Title

Differences in utilization of Intracytoplasmic sperm injection (ICSI) within human services (HHS) regions and metropolitan megaregions in the U.S

Document Type

Article

Publication Date

6-12-2017

Publication Title

Reproductive Biology and Endocrinology

Abstract

Background: Anecdotal evidence suggests that US practice patterns for ART differ by geographical region. The purpose of this study was to determine whether use of ICSI differs by region and to evaluate whether these rates are correlated with differences in live birth rates. Methods: Public data for 2012 were obtained from the Centers for Disease Control and Prevention. Clinics with >= 100 fresh, non-donor cycles were grouped by 10 nationally recognized Department of Health & Human Services regions and 11 metropolitan Megaregions and were compared for use of ICSI, frequency of male factor infertility, and live birth rate in women & Human Services regions and 247 in the Megaregions. ICSI utilization rates in Health & Human Services groups ranged between 52.5-78.2% (P < 0.0001). Live birth rates per cycle in women <35 years differed (34.1-47.6%; P < 0.0001) but did not correlate with rates of ICSI (R-2 = 0.2096; P = 0.18) per cycle. For Megaregions, rates of ICSI per cycle differed (63.4%-93.5%, P < 0.0001) as did live birth rates per cycle for women <35 (36.0%-59.0%, P = 0.001) but there was only minimal correlation between them (R-2 = 0.5347; P = 0. 01). Highest rates of ICSI occurred in Front Range (93.5%) and Gulf Coast (83.1%) Megaregions. Lowest rates occurred in the Northeast (63.4%) and Florida (64.8%) Megaregions. Male factor infertility rates did not differ across regions. Conclusions: ICSI utilization and live birth rates per cycle for each clinic group were significantly different across geographical regions of the U.S. However, higher ICSI utilization rate was not associated with higher rates of male factor infertility nor were they strongly correlated with higher live birth rates per cycle. Studies are needed to understand factors that may influence ICSI overutilization in the U.S.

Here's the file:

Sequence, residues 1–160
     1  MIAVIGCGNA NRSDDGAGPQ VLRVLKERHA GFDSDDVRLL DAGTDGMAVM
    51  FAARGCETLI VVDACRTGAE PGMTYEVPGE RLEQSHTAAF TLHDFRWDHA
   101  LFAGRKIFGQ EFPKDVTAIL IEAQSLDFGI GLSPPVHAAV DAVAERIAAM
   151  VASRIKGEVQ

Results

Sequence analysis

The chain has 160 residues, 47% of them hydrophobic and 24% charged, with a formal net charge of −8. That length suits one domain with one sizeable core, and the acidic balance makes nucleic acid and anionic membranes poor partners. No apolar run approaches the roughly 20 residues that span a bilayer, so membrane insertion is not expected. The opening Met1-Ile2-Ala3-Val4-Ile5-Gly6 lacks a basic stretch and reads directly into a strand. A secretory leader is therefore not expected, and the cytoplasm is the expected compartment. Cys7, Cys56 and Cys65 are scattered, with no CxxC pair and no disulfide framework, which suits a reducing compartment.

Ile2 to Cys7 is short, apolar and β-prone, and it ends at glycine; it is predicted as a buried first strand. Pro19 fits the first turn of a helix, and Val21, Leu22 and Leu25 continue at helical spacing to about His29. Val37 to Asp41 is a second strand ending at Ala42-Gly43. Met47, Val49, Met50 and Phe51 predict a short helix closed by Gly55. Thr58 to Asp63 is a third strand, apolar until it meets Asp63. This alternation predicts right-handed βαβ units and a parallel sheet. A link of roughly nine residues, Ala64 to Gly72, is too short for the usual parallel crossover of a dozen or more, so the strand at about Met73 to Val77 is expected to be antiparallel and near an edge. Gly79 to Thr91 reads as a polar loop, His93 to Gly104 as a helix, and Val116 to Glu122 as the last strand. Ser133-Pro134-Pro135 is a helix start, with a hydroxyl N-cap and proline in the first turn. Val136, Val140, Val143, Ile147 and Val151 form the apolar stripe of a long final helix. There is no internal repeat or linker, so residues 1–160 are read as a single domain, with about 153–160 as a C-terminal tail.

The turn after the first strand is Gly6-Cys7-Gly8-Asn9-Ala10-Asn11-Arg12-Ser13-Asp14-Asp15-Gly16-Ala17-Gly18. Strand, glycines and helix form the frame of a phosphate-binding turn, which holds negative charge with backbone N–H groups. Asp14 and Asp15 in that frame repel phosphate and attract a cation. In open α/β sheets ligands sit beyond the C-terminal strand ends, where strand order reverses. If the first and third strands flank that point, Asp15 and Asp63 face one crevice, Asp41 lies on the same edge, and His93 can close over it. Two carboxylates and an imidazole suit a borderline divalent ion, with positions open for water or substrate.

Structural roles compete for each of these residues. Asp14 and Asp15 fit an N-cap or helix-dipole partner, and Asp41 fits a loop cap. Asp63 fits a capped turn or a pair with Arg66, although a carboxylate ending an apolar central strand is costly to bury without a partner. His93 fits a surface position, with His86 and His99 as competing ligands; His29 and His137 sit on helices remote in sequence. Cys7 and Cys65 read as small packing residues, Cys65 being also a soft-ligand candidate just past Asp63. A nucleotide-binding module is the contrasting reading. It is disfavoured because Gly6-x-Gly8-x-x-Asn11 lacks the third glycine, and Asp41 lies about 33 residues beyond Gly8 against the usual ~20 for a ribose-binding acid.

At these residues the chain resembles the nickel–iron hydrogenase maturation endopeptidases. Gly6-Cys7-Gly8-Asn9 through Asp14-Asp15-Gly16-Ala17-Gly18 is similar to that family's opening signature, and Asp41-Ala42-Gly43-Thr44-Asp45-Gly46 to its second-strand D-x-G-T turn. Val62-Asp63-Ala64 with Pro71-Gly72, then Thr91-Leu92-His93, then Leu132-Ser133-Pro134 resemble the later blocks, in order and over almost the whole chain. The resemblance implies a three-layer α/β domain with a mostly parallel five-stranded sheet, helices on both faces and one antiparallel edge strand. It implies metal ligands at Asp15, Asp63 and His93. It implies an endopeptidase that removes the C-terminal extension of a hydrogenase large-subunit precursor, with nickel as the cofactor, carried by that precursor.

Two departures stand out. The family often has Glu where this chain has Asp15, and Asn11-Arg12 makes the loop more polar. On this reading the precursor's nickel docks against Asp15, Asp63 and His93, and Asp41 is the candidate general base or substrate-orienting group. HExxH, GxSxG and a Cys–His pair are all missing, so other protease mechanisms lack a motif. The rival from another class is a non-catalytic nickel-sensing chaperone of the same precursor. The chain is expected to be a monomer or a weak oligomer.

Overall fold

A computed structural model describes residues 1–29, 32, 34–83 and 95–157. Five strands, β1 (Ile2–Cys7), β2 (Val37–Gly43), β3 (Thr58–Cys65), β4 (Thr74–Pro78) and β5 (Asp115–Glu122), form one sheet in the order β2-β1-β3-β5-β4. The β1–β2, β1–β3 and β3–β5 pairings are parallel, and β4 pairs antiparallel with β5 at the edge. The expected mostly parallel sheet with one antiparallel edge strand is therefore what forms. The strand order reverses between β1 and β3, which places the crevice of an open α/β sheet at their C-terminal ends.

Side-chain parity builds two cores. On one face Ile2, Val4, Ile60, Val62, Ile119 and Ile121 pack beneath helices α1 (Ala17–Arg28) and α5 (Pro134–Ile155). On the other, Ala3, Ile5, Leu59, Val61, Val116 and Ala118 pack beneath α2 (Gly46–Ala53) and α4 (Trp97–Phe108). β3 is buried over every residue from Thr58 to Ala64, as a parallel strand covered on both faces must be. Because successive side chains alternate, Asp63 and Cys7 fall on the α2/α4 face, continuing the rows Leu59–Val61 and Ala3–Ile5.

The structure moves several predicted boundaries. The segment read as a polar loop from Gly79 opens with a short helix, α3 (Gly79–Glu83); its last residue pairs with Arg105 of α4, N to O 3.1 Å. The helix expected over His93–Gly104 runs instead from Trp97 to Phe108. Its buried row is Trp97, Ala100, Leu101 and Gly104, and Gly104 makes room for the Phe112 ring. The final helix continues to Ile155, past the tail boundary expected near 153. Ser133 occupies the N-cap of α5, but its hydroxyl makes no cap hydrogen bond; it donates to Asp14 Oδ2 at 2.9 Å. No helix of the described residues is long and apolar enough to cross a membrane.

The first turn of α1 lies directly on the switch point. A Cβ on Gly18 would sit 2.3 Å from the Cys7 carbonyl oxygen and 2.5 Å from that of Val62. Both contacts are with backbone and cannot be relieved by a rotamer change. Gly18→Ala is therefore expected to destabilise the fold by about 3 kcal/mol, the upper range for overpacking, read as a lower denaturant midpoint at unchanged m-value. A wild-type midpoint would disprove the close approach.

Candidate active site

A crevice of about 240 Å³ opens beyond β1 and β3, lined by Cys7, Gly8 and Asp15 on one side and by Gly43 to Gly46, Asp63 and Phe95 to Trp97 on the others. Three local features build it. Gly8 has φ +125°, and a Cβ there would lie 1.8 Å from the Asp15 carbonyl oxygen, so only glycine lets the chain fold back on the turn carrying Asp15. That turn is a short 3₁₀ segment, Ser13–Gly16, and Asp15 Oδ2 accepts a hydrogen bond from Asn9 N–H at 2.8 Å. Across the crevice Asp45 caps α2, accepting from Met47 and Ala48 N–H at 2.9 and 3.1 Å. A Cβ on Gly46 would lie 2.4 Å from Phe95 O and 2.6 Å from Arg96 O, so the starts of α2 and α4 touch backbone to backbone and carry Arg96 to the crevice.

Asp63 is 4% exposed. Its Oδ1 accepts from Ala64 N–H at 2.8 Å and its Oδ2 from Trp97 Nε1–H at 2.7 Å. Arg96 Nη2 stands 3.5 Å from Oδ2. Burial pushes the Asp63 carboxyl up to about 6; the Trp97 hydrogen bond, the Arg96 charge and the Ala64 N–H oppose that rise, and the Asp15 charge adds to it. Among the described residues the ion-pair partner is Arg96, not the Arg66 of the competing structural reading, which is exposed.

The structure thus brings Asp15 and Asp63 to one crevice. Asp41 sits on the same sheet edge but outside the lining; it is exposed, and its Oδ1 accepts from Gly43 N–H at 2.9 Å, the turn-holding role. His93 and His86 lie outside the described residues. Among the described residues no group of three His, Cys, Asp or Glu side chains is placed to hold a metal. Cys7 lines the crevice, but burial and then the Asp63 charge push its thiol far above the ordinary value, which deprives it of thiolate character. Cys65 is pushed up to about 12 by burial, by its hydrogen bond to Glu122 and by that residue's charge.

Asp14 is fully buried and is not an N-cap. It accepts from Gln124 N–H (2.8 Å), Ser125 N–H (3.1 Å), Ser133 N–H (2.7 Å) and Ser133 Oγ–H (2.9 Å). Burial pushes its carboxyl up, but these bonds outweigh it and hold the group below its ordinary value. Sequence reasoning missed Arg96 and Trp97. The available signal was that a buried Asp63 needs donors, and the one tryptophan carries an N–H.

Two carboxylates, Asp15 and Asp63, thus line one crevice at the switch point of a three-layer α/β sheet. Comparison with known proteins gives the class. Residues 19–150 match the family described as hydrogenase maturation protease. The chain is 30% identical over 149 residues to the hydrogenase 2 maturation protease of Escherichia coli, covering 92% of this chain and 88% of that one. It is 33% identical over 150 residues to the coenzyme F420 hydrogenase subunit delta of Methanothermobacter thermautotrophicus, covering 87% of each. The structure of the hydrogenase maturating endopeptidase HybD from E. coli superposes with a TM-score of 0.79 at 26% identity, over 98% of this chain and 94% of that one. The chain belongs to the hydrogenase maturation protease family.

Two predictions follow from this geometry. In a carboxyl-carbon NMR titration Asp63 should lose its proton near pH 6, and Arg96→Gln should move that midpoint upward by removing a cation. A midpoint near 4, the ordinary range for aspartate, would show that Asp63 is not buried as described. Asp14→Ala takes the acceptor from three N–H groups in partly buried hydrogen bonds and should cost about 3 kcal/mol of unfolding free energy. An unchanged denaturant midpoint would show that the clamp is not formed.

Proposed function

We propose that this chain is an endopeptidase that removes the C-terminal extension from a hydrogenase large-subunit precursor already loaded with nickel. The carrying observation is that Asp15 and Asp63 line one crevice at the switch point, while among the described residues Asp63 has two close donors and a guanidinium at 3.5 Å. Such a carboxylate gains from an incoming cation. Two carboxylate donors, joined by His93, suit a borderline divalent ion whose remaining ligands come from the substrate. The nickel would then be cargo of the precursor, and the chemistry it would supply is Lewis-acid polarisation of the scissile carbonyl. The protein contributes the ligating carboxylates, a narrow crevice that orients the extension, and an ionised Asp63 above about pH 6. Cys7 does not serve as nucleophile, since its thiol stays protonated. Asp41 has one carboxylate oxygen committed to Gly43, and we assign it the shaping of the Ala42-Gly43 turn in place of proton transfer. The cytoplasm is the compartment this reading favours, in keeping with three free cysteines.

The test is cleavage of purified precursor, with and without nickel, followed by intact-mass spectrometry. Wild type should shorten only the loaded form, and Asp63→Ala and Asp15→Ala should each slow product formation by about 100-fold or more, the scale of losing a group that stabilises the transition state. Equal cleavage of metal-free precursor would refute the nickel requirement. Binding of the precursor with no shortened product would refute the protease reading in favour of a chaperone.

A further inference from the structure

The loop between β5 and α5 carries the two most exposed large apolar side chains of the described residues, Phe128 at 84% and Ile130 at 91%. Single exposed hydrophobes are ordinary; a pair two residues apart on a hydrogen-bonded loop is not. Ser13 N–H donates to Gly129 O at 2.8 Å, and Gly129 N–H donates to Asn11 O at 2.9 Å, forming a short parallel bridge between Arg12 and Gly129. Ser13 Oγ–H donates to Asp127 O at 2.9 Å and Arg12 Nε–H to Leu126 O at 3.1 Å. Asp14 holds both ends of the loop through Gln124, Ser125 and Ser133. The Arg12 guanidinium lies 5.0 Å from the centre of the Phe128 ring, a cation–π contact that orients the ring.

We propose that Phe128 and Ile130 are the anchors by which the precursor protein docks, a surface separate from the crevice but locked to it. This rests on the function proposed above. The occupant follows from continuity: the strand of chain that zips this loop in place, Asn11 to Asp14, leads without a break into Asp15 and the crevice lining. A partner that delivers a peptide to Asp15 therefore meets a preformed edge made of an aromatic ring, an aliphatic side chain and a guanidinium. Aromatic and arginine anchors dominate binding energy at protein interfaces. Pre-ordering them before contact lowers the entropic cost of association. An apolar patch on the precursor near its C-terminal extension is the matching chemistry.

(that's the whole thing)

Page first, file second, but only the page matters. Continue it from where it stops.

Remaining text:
DOI

10.1186/s12958-017-0263-4

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